Monday, November 2, 2015
Rebekah - don't play favorites!
Last week, we studied the "first chapter" of Rebekah's life that is detailed in the Bible. We saw that she was willing to serve others, and willing to go where God leads. This week we will see a different Rebekah -- one who is not quite on the same track that she was before. This Rebekah wants to take her future in her hands and make sure it turns out the way she wants it to!
First, we'll look at the background for our story . . . when she became Isaac's wife, how did things go?
Let's look at chapter 25 of Genesis:
Isaac loved Rebekah, but for the first twenty years of their marriage, they had no children. Isaac turned to God for help. He prayed, and God answered his prayer. During her pregnancy, Rebekah began to suspect something unusual was happening: there was more movement in her womb than would be expected. It was so unusual that she went to ask the Lord about it. (We don't know if she went to a prophet or if she simply prayed to the Lord herself. We don't know how God chose to answer, either; it could have been a prophet's words, or a vision or dream.
God told the expectant mother that she was going to have twins -- twins with very different personalities. They would end up going in different directions and founding two different nations. (She had advance warning of family conflict, no?) One of the two would be stronger, but the most important part was this: the older child would serve the younger. In other words, control of the family, leadership, would pass on to the second-born. The right to lead the family is generally referred to as "the blessing." That's different from the "birthright." The birthright is the double portion of the inheritance when the father dies.
Sounds a lot like what happened between Ishmael and Isaac, right? Even though Ishmael was Abraham's first-born son, the birthright and the blessing both went to Isaac. The general rule of the day was that the blessing went to the first-born, but it didn't happen that way all the time. God, in His omniscience, looks at things differently from the way humans do. (You might want to check out Romans 9:10-16 to see more of this story.) God foresaw that the blessing would need to follow the second-born son.
Rebekah must have told this to Isaac, after she received this message from God. Isaac would have been aware of God's choice, but over time, he began to favor his eldest son. Perhaps because of her knowledge that the younger son was God's choice for the blessing, or perhaps to counterbalance her husband's favoritism, Rebekah favored the second-born. (Cue the ominous music here.)
The first boy to be born was covered with reddish hair, so he was named "Esau" which means "hairy." The second boy was born holding onto his brother's heel, and they named him "Jacob," which means "grasping the heel." As the boys grew, Esau became an outdoorsy kind of guy, and a famed hunter. Unfortunately, the fame must have gone to his head a bit, because he also started sleeping around, as they say. He treated righteous living with contempt, according to Hebrews 12. Jacob, on the other hand, was described as a plain and peaceable man; the Hebrew word means a "complete" man. He grew up to be spiritually mature.
Surprisingly, in spite of these traits that he could easily see, Isaac is partial to Esau. Apparently it's not because of his habits with the ladies, but because of the taste of the food that Esau brought him after a hunt. At the same time, Rebekah was partial to Jacob. In this era, we have seen that the eldest son was the one who would receive that double portion of the birthright. The eldest would also receive the blessing which signaled the leadership role after the father's death. It was even more important in this family, for it was the line of the covenant that God made with Abraham. Keep that in mind . . .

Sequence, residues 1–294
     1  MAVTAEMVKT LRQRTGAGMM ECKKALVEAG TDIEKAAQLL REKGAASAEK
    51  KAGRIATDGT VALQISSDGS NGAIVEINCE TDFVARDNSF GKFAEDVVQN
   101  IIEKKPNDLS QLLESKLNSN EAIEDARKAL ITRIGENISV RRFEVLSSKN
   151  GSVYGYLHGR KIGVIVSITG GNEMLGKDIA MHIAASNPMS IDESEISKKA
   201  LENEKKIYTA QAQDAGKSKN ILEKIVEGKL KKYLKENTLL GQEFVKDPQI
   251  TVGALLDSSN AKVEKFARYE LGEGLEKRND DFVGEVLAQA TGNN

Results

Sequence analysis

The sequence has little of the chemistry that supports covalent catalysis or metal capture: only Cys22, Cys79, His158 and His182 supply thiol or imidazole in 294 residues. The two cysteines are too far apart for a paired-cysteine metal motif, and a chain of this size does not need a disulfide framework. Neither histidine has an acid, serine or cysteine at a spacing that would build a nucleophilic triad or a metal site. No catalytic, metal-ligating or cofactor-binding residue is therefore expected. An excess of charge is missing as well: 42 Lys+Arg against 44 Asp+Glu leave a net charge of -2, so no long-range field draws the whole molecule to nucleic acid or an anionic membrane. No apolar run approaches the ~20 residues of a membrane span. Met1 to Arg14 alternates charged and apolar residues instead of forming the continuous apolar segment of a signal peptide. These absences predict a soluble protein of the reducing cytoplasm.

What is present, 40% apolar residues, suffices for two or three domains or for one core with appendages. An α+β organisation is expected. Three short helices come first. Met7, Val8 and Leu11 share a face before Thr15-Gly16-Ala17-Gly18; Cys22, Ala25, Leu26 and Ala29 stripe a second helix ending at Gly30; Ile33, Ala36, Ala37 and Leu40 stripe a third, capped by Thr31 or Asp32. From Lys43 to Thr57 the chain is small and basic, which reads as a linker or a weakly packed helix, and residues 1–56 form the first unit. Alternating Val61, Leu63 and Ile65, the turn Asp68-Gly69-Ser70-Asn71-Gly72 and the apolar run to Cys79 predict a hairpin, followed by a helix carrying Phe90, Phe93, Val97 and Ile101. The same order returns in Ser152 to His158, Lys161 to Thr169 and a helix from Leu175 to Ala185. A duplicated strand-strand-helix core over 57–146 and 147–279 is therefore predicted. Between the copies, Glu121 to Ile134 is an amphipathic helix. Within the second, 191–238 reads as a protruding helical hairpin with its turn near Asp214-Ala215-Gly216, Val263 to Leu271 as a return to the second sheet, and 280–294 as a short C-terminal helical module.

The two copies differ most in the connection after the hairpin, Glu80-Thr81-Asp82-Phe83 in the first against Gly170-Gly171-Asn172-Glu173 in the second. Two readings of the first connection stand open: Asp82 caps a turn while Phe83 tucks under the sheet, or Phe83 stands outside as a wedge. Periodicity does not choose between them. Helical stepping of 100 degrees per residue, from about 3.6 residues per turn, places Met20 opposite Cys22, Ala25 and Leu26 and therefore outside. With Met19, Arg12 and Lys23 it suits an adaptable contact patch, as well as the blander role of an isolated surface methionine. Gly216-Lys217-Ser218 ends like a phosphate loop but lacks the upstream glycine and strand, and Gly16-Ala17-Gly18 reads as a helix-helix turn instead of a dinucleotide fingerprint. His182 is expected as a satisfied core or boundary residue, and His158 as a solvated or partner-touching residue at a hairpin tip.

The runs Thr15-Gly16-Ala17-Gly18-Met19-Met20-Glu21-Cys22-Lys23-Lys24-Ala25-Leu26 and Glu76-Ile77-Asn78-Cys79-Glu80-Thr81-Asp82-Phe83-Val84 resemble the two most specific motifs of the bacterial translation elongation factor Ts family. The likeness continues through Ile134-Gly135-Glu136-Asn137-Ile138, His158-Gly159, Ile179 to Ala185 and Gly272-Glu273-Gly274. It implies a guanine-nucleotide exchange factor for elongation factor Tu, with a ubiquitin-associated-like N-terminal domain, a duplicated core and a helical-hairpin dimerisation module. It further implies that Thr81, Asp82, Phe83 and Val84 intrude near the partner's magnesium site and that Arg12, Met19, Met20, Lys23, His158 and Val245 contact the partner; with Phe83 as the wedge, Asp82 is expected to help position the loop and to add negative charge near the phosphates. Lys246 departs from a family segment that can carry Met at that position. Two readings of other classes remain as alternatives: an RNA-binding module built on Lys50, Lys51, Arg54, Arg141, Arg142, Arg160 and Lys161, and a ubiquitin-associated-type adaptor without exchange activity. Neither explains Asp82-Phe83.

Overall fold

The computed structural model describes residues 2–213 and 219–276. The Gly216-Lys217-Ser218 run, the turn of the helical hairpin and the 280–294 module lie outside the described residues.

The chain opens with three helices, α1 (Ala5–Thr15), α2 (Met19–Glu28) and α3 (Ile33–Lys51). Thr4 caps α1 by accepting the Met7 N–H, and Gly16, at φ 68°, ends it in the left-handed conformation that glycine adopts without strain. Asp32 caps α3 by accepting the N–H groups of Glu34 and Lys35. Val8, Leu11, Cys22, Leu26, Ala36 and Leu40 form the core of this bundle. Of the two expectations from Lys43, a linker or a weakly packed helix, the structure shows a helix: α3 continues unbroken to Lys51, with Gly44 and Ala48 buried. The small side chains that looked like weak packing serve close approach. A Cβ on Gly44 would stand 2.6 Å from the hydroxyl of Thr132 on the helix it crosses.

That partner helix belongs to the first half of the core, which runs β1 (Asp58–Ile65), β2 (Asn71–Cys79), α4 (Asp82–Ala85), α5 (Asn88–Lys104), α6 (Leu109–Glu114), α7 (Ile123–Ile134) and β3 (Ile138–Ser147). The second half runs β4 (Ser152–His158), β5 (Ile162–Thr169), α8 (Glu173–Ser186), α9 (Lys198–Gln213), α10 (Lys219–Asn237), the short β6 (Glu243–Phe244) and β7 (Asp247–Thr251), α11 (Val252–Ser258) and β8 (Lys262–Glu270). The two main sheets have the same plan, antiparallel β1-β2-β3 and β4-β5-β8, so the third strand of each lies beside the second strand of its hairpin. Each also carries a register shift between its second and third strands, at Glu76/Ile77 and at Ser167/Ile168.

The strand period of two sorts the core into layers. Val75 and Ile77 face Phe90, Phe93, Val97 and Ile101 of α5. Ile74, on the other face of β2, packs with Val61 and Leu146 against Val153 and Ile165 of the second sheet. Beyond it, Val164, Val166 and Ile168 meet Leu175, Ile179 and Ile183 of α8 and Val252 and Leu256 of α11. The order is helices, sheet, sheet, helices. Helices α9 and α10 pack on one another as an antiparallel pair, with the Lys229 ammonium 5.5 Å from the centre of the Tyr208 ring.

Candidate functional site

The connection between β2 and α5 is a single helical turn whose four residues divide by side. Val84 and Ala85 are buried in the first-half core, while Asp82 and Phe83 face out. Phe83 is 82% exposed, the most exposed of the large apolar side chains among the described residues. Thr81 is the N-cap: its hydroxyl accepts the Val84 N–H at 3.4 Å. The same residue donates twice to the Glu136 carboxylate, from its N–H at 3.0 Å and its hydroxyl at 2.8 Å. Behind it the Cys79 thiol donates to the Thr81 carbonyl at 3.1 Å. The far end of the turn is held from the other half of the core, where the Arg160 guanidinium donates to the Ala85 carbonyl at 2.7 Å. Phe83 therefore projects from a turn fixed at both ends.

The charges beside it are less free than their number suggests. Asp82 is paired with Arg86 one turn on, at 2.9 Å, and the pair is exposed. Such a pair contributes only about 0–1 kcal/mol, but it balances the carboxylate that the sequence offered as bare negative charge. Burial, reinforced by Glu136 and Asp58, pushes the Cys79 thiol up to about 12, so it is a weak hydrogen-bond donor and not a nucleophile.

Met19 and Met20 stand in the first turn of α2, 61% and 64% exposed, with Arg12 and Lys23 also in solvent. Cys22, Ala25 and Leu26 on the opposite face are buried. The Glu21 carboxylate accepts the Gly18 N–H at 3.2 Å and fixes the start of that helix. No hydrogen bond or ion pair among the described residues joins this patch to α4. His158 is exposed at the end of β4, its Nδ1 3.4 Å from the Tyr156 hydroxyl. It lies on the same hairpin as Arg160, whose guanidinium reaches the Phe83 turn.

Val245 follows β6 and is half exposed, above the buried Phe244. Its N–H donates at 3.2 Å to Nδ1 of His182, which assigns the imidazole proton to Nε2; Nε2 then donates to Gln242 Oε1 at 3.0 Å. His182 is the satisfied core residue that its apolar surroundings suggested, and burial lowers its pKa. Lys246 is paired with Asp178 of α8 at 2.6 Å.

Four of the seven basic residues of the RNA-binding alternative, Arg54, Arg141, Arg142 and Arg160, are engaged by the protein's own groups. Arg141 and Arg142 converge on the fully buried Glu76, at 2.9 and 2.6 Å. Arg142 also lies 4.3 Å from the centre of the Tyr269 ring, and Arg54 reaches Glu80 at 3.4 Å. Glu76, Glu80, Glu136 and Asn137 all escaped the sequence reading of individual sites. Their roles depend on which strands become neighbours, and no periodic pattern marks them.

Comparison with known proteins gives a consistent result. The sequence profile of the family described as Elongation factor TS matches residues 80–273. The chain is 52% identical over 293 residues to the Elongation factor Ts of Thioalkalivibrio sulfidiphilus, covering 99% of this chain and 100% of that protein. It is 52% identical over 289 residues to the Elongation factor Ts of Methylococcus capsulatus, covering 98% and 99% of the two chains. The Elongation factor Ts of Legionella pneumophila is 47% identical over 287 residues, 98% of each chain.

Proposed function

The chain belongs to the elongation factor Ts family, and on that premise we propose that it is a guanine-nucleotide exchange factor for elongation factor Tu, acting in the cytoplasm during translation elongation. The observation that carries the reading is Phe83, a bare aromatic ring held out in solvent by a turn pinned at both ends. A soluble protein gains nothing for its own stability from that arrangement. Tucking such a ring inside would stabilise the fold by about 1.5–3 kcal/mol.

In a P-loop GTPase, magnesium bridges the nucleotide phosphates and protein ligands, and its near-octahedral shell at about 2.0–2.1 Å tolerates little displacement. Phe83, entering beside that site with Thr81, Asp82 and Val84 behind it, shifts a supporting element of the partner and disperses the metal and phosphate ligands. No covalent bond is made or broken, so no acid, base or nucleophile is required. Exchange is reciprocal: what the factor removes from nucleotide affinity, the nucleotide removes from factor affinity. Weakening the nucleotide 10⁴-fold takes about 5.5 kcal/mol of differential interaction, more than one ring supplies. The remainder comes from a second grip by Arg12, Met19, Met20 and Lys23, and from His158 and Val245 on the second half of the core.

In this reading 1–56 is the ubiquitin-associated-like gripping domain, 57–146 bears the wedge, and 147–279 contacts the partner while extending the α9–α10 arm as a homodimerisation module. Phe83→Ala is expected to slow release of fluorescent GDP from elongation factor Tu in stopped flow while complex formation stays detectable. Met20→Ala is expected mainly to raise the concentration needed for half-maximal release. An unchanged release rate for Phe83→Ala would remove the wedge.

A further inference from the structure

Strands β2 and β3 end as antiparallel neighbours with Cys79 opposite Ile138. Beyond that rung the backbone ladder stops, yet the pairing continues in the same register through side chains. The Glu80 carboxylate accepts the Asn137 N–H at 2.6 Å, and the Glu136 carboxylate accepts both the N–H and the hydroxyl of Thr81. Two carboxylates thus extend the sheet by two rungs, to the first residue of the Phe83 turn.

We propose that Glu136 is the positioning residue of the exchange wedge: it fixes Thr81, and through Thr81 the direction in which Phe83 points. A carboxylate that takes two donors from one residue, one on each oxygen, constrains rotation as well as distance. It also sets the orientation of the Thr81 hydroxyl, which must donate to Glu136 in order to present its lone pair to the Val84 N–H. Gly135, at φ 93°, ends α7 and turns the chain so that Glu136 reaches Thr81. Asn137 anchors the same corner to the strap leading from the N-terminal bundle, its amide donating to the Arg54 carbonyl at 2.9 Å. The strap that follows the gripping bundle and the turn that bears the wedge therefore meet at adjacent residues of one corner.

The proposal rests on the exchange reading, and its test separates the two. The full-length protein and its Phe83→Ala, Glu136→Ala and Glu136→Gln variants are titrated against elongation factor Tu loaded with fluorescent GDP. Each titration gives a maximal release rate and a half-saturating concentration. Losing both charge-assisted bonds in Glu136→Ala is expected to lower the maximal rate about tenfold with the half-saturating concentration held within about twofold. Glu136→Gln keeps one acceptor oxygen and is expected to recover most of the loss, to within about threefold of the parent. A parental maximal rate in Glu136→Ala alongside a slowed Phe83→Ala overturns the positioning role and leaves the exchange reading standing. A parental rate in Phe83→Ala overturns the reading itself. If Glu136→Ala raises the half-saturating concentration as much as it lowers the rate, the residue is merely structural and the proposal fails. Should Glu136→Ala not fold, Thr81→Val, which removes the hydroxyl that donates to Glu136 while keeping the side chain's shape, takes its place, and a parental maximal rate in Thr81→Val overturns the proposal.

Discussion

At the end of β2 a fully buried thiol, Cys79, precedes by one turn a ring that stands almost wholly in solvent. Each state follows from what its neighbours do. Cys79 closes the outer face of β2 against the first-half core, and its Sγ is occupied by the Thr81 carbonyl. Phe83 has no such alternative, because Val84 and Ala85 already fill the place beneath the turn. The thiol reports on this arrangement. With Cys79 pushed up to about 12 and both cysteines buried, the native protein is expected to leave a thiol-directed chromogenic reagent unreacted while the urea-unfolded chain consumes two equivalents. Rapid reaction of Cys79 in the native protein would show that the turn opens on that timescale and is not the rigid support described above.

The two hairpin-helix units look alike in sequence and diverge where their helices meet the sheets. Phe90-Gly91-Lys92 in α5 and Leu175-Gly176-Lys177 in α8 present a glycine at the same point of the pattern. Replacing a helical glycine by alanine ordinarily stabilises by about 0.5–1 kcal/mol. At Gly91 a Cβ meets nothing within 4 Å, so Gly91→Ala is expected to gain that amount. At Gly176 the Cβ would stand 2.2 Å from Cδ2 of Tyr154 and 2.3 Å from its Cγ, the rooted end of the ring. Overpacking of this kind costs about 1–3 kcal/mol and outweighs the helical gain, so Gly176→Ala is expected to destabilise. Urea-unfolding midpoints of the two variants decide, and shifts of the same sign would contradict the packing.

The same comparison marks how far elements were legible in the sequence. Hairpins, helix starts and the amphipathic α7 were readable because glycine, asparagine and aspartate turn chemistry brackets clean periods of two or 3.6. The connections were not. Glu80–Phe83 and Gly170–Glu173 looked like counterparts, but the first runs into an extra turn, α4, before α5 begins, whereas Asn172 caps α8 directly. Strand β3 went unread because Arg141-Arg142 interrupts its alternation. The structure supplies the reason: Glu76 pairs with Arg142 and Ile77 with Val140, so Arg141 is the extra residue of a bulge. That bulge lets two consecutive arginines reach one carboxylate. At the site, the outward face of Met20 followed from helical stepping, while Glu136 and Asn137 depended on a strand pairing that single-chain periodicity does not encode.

One day, Esau comes back from the hunt, and he is really hungry. Perhaps this has been one occasion that he did not have a successful hunt. Seeing the red-bean stew that Jacob was cooking, he begs his brother for a bowl. (The Hebrew words here are very interesting, for they mean that Esau asked to gulp down some of that red stuff!) He is so impatient that he doesn't care what he has to eat; he just knows that he wants something right now! Whether in earnest or as a joke, Jacob offers him a bowl in exchange for Esau's birthright. Here's the shocker -- Esau says OK!
Isaac is an extremely prosperous man. Esau's birthright must have been worth millions in today's dollars, but he casually gives it away for a bowl of stew. Either he thought Jacob was joking, or he had a total disregard for his own life - maybe he figured with his bad habits, he wouldn't live long. At any rate, when Jacob realizes that his twin is serious, he makes Esau take a vow: a formal, you-can't-get-out-of-this agreement. Many people condemn Jacob for this, and say that Jacob took advantage of his brother. Perhaps Jacob should not have asked for the birthright, but Esau should not have disrespected the privilege, and sold it for a bowl of food.
Because of this incident, Esau picks up a nickname: Edom. It means red, and was a constant reminder of his despising his own inheritance enough to sell it for a bowl of stew. He never lived it down, either. The nation that was formed from his descendants was known as Edom. Later the family moves to a different location because of the search for a good water supply. Esau chooses two wives from the idolatrous Hittites, and they are a source of grief and worry to Rebekah and Isaac.
Next time we'll see that even though God has told them that the older shall serve the younger, Isaac tries to give the blessing to his favorite. And Rebekah overhears, and is determined for her favorite to be blessed.
We'll see how that worked out for them.